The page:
For point 3, for now I’ll just tell you what the relation for the twist 2 → 2 is and hope that it gives you the general idea. The twist in LinRel is the smallest linear relation that contains the elements

Since we need to close under addition and scalar multiplication, elements in this relation will look like

where k and l are fractions.

We have already discussed the relational semantics of the generators in Episodes 22, 23 and 24 and verified that the equations make sense, relationally speaking. It is not difficult to check that each of the relations is linear. Long story short, this assignment of relations to generators defines a homomorphism of props

IHLinRel.

As we will eventually prove, this is an isomorphism; it is both full and faithful.

The proof of IH ≅ LinRel is quite a bit more involved than the proof BMat and H ≅ MatZ. We will eventually go through it in detail—apart from following our principle of not handwaving, the proof is quite informative. But for now, LinRel and its diagrammatic presentation IH are perfect playgrounds for linear algebra and that’s what we will concentrate on over the next few episodes.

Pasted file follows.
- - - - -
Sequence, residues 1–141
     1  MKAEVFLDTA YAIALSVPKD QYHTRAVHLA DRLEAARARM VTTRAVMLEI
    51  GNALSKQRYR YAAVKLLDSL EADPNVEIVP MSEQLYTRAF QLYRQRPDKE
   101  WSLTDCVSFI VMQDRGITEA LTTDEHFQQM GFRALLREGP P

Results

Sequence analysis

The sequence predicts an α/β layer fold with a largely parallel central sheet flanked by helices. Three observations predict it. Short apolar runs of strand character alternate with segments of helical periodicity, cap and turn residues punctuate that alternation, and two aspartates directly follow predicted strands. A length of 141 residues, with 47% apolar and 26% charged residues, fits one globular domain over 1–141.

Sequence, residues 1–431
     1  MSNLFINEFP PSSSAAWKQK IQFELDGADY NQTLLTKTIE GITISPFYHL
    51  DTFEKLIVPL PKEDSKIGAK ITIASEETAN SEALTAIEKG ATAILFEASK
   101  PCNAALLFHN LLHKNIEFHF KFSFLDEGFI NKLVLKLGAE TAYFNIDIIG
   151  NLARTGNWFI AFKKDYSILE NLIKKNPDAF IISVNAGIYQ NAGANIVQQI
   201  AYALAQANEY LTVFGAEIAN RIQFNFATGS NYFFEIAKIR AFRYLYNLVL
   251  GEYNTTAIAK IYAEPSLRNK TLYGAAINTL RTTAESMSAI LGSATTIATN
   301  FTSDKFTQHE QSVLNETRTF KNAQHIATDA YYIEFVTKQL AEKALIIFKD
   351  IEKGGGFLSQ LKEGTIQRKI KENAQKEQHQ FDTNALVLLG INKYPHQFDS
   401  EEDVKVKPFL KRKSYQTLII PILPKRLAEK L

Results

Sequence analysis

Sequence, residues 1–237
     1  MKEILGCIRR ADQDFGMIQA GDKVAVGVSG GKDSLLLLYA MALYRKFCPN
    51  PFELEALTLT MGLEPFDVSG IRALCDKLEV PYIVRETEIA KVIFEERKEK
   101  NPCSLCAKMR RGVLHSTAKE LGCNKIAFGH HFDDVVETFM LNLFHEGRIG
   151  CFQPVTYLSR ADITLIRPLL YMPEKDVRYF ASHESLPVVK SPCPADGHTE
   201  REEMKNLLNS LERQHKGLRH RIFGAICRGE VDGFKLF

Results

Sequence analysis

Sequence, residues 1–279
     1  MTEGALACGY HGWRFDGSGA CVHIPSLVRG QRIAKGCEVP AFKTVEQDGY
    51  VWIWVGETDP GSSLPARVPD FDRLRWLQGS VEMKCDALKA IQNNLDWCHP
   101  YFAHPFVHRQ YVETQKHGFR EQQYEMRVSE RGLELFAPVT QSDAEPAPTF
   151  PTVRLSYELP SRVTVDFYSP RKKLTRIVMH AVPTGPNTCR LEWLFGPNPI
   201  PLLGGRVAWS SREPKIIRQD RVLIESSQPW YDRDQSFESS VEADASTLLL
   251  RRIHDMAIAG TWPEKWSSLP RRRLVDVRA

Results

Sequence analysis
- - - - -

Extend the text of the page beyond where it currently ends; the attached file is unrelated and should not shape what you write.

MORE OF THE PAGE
In the last episode we discussed how (1, 1) diagrams allowed us to divide by zero. By looking at the corresponding situation in LinRel, we can shed some more light on this curiosity. So let’s take a look at linear relations  Q: since IHLinRel these are in 1-1 correspondence with (1, 1) diagrams.  We can plot linear relations of this type using conventional graphical notation, thinking of the domain as the horizontal x axis and the codomain as the vertical y axis.

Since every linear relation must contain the pair that consists of zero columns, every plot will contain the point (0,0). In fact, the singleton {(0,0)} is itself a linear relation: clearly it satisfies the two required properties. Here’s its plot.

The diagram for this linear relation is

which we dubbed ⊥ in the last episode. Next up, the entire set Q×Q is a linear relation. Here we colour the entire plane red. Sorry for the eye burn.

The corresponding diagram is

which we were calling  last time. These two linear relations give some justification for the names ⊥ (bottom) and ⊤ (top), since the former is—set theoretically speaking—the smallest linear relation of this type, and the latter is the largest.